Author’s Note: Sometimes strange ideas need to be given a chance. With this one I was pleasantly surprised. I was driving home and thinking of Seinfeld and how it was a show about nothing and then suddenly thought, wouldn’t it be a great and funny skit to have a store that doesn’t sell anything? Suddenly Weirdgorden was born and it was so fun writing the first episode, I plan to do more. Enjoy, and forgive my awful sense of humor. –Pixie B.
Episode One: New Store in Town
Generic storefront with Weirdgorden electric sign turned off. Woman walking past on the sidewalk, talking on her cell phone.
Amy: “It’s just terrible what this town is coming to. I can’t find any good deals and all the shops sell junk. No one knows fashion anymore, Marlee. Hold on a sec…”
Stares up at the sign just blinking on with a sizzle. In the window on the door, someone turns the sign from Closed to Open.
Amy: “Marlee! You just won’t believe it! It’s a new store right where that awful hair stylist’s used to be. No, not that one. The one who got hepatitis and moved to Guam. Or was a gym? Anyway, talk to you later, girl! I’ll tell you all about it later. Bye, bye, by-bye, ciao!”
Amy heads inside and the bell jingles. The place is arranged a bit like a coffee shop, with wooden tables and chairs and couches and stuffed chairs along the walls with shelves of random items. The counter is U-shaped. On the wall behind it is another sign with the store’s name and swinging doors that head to the back. Amy lingers at a single clothes rack situated up front. The clothes are all sparkly and outlandish. She holds up one item, then another, searching the sleeve of a shirt for a tag but finding nothing.
A clerk comes humming through the swinging doors with a load of clothes in her arms. She wears a pencil perched behind one ear. The clerk dumps the clothes on the counter and immediately begins sorting and folding the items before noticing Amy.
Charlotte: “Ah. There you are. Great day, huh?”
Amy: “Oh, yes, I just love trying new stores. These clothes are just amazing.”
Charlotte: “Aren’t they, though?” Goes back to folding.
Amy: “But…” She brings the shirt over to the counter. “There aren’t any price tags on anything.” The clerk doesn’t seem to hear her and she repeats herself louder.
Charlotte: “Okay, okay, no need to shout. Price tags. Why would there be price tags?”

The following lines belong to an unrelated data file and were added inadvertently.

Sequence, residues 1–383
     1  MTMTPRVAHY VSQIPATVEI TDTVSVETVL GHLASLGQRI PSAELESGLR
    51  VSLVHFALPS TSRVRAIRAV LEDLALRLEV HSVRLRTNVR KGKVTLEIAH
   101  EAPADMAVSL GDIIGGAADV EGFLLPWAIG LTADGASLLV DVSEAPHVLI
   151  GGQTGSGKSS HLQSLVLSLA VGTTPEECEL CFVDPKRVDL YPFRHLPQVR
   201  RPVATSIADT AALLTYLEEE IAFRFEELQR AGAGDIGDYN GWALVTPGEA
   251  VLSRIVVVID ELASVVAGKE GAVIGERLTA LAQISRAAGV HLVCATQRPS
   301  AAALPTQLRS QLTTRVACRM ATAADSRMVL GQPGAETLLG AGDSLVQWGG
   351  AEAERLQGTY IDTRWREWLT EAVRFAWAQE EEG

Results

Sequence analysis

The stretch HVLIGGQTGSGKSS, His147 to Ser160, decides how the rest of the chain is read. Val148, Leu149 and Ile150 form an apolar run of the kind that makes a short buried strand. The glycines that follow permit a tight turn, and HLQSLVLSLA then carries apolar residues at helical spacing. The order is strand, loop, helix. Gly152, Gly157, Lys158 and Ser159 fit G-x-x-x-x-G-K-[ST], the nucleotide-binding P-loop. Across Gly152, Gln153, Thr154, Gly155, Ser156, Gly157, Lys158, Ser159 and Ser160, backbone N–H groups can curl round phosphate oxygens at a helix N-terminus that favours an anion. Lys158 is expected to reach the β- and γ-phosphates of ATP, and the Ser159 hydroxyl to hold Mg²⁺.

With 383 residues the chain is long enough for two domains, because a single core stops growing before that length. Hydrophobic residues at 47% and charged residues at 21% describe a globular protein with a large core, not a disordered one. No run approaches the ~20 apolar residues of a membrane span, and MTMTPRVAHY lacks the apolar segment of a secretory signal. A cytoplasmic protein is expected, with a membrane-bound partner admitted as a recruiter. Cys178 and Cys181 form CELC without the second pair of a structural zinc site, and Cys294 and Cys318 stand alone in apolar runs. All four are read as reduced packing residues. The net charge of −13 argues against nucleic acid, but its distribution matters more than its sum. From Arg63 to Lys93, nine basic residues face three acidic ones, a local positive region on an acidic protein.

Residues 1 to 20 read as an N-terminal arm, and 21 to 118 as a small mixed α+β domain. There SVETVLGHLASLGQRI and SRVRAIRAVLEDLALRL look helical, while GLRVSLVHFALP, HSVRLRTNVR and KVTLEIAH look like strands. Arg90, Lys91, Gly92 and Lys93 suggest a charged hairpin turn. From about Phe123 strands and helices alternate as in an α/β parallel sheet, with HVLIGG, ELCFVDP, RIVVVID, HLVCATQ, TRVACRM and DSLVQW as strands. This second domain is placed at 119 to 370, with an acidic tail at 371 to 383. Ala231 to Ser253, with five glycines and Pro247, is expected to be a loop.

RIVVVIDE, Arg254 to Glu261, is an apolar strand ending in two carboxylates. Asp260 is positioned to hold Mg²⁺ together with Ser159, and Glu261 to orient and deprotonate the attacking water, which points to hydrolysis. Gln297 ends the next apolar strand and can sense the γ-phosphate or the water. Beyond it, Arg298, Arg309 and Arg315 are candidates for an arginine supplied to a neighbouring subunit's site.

Amy: “So people know if they want to buy the clothes?”
Charlotte: “Buy the clothes? What do you mean? From here?” The clerk looks dumbfounded.
Amy: “Of course from here. You’re a clothing store aren’t you? A boutique?”
Charlotte: “No. No bows or teeks, thank you very much.” Laughs and goes on folding.
Amy: “Are you saying you don’t sell clothes?”
Charlotte: “We don’t sell clothes.”
Amy sets the shirt on the counter and the clerk picks it up, takes it off the hanger and folds it with the other clothes on the counter. Amy gestures around the store.
Amy: “Well, what do you sell, then? Books?”
Charlotte: “Nope, no books.”
Amy: “Coffee? Of course, there’s no menu sign, but you do have tables and chairs.”
Charlotte: “We don’t sell coffee.”
Amy puts her hands on her hips. “What do you sell, then?”
Charlotte: “Nothing. Weirdgordens doesn’t sell a thing.”
Amy: “But you’re folding clothes. To sell!”
Charlotte: “Nope, not to sell. Don’t be ridiculous.”
Charlotte: “Larry!” Screaming to the back. “Larry, we got another one!” A large, balding man pokes his head between the doors.
Larry: “Really, Charlotte?”
Charlotte folds the last pair of jeans and stacks the whole pile on the side of the counter. “Really. I need a coffee break.” She slips past Larry as he enters the space behind the counter and heads to the back room. Larry folds his arms and stares at Amy.
Larry: “What’s the problem, lady?”
Amy: “Um, I’m just confused as to what you sell here. Charlotte said it wasn’t coffee, but you have coffee?” She waits for him to answer, but the silence drags on. Finally, he answers.
Larry: “So, you want to have coffee, is that it?”
Amy: “No! Well, I mean, yes, it is cold out, but I don’t understand what it is—“
Larry: (shouting): “Char! Bring the lady some coffee!” Charlotte calls something intelligible from the back room.
Amy: “No, really, sir…Larry, um, I don’t need any coffee. Really, I just want to know how much the clothes are.”
Larry: “Much? As in money?” He steps up to the cash register behind the counter and starts fiddling with it.
Amy: “Yes, exactly.”
Larry: “No, no. We don’t sell any clothes here. Char! Where are you with the coffee?”
Amy: “But I’m wondering what it is you do sell?”
Larry shrugs. “Sell? Why would we sell anything?”
Amy: “Because you’re a store?”
Charlotte marches out proudly with a tray of coffee mugs. She hands one to Larry, who takes a big gulp, telling her it’s the best ever.
Charlotte: “Here you are, dear. It’s cinnamon spice. Good on a cold day.”
Amy: “Oh, how lovely. But I really don’t need any coffee. I was actually wondering about the clothes.”
Charlotte: “Yes, yes, they’re made in China, like everything else.” She interrupts before Amy can get another question in. “Now, why don’t you go and sit on that couch over there and quite bothering us. Larry and I have a lot of work to do. Can’t you see?” Larry has gone back to fiddling with the cash register and appears to be entering numbers from a stack of slips. He takes the pencil from behind Charlotte’s ear and starts to write with it.
Amy: “But.” She stands and looks at them, then sips at her coffee, murmuring at how good it tastes. “Yes, I’ll just….sit on the couch.”
Charlotte (looking triumphant): “There you go, hon. Welcome to Weirdgorden.”